See pictures of the northern lights at visitnorway.com - the official travel guide to Norway.
Seeing the northern lights is a jaw-dropping and mystical moment. The lights are at their most frequent in late autumn and winter/early spring. October, February and March are the best months for auroral observations. The highest northern lights frequency is between 6 pm and 1 am.
In order to get full value from the show you should avoid the full moon and places with a lot of light as they make the experience considerably paler. Also remember to wrap up warmly.
Theoretically, you can see the northern lights all over Norway. However, the best places are above the Arctic Circle in Northern Norway.
When dreaming about seeing the northern lights, you must remember that you are at the complete mercy of nature. The northern lights love to play hide and seek. Observing the aurora borealis is often a tug of war between your patience and the aurora itself. Stay in the northern lights area at least a week, preferably two, and you will be rewarded - unless local weather suddenly decides to obstruct your view with clouds.
A rainbow at night
Sometimes the northern lights come all together, dancing across the sky, orange, purple, green and sunset red. Other times they are simply curtains of computer-screen green or a twister of wispy light. The northern lights are never the same twice.
Perhaps not so surprisingly, the northern lights’ spectacle has created as many legends as there have been people watching. Northern light symbols are found on the Sami shamanistic drum. The phenomenon has several different names in Sami. It is, for instance, known as Guovssahas, which means the light which can be heard. The northern lights were traditionally associated with sound by the Sami.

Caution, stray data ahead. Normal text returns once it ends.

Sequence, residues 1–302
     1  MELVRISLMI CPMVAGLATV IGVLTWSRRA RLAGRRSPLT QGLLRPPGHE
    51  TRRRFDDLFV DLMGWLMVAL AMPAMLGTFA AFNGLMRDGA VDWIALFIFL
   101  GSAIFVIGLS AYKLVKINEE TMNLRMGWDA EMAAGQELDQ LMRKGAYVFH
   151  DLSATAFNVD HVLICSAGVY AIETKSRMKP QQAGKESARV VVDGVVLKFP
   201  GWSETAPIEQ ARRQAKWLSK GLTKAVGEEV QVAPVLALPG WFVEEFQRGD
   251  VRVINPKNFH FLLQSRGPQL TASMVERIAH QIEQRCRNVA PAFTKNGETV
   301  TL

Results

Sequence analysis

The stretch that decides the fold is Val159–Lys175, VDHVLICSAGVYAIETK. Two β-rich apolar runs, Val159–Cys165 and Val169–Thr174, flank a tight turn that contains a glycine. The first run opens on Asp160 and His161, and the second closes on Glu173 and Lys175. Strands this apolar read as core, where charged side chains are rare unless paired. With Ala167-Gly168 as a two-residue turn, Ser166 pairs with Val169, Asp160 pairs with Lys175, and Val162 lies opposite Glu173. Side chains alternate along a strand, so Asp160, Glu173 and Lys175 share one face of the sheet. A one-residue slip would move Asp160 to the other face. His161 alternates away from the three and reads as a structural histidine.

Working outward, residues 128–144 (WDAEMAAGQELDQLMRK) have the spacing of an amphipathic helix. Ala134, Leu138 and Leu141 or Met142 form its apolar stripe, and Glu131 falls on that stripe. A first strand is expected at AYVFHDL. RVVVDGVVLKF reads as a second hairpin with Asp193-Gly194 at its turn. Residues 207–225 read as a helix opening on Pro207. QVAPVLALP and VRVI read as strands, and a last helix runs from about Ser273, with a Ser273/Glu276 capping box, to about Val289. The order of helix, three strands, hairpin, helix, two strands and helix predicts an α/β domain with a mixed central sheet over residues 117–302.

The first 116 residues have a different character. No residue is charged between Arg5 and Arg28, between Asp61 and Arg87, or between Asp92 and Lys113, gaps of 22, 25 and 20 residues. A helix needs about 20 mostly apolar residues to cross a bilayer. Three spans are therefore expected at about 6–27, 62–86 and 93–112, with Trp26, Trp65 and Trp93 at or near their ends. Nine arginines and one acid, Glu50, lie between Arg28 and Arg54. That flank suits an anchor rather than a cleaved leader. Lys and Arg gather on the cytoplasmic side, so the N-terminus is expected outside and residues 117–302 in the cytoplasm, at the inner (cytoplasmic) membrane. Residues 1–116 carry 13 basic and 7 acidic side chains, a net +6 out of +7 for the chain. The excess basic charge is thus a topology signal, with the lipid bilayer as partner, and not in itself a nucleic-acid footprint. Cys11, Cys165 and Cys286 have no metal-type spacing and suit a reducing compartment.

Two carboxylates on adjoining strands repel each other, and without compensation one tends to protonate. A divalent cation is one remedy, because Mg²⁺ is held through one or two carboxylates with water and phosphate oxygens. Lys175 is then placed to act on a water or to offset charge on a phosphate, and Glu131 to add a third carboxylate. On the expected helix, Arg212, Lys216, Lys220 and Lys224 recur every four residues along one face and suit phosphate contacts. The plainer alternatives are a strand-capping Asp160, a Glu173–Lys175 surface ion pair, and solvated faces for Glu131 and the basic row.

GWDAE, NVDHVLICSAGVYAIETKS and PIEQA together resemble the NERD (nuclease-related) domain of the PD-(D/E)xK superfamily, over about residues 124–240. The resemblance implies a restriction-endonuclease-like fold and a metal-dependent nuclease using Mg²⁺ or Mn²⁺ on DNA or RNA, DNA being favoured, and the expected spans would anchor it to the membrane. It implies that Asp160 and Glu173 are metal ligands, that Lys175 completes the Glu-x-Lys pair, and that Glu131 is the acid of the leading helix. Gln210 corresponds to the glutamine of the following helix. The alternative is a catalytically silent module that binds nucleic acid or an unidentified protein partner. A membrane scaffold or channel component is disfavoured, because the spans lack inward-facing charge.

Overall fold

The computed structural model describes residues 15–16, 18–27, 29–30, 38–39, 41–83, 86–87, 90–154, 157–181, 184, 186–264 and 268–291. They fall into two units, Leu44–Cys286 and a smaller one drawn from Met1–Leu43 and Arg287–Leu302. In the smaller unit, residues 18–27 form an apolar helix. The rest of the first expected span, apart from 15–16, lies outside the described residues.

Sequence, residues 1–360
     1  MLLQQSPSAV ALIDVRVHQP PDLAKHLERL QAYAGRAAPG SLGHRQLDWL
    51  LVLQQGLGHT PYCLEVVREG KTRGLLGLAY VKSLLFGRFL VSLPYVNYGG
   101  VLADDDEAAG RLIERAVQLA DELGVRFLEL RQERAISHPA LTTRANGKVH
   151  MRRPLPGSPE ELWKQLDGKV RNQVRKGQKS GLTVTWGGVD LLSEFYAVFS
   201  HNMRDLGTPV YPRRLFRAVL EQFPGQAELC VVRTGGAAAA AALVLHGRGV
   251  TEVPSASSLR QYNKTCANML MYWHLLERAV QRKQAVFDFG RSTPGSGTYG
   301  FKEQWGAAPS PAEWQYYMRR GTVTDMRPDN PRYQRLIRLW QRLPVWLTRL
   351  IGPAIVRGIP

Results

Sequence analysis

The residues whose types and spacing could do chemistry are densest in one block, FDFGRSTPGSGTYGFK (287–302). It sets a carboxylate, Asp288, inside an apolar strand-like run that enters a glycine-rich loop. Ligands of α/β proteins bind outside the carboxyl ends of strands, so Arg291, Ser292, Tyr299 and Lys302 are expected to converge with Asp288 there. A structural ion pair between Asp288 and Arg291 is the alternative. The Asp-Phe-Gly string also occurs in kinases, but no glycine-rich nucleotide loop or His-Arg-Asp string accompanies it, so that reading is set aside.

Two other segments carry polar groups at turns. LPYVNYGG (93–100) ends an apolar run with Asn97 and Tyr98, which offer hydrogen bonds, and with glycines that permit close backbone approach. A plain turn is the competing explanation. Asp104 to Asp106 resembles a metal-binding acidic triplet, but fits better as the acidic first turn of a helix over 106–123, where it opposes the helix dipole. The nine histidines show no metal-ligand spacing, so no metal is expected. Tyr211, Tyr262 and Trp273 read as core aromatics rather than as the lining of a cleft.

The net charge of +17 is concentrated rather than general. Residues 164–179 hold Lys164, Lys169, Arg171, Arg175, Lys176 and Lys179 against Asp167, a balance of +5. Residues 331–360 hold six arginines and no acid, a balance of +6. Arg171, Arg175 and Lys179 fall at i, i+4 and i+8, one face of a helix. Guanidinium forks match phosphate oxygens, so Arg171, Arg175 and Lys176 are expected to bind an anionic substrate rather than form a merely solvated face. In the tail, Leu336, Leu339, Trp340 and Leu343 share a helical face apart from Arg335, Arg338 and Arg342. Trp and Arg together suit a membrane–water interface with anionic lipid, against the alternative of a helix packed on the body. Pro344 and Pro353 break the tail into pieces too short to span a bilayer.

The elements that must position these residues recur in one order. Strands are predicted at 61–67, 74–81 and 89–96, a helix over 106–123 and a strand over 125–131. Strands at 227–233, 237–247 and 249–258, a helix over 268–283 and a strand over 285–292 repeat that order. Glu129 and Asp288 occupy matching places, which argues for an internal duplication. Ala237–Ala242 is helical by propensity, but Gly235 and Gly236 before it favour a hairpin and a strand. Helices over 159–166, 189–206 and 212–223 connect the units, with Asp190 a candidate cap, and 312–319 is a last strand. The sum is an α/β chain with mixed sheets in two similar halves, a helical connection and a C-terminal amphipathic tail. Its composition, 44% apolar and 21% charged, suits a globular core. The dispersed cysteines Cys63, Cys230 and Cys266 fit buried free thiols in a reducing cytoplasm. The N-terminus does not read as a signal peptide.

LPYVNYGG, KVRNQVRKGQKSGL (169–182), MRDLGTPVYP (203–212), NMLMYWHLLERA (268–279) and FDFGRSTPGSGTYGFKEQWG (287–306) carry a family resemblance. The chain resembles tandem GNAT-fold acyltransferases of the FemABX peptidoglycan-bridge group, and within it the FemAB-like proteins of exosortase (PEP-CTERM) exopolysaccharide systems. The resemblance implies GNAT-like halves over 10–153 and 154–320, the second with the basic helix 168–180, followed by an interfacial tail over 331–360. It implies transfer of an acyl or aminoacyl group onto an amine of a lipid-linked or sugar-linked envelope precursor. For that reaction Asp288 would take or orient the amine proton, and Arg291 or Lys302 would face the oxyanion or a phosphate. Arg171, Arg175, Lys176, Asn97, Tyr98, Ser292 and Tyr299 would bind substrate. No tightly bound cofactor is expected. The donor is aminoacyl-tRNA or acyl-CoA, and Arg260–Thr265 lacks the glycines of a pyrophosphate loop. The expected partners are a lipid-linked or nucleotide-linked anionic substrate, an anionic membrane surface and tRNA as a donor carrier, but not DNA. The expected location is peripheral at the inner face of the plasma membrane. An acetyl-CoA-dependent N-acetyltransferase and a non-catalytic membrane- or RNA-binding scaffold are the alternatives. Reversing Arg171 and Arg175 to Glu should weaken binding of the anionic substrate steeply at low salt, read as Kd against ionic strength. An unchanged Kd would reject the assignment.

During the Viking Age, the northern lights were the armour of the Valkyrie warrior virgins, shedding a strange flickering light. And according to Japanese legend it means good luck to conceive a child under the northern lights.
Reality, if not as poetic, is equally impressive. The sun is the father of the auroras. During large explosions and flares, huge quantities of particles are thrown out of the sun and into deep space.
These clouds travel through space with speeds varying from 300 to 1,000 kilometres per second. When the particles collide with the gases in the earth’s atmosphere they glow, producing a fantastic array of colour.
An absolutely fabulous trip to see the northern lights
Joanna Lumley, the actress from the BBC series Absolutely Fabulous, had dreamt of seeing the northern lights since she was a child. And finally she got to live out her dream. In a splendid BBC film, she travels across Norway in search for the aurora borealis. For Joanna, as for many others who get to experience the illusive lights, it was an altogether emotional experience.
Watch an extract from the film Joanna Lumley - In the Land of the Northern Lights.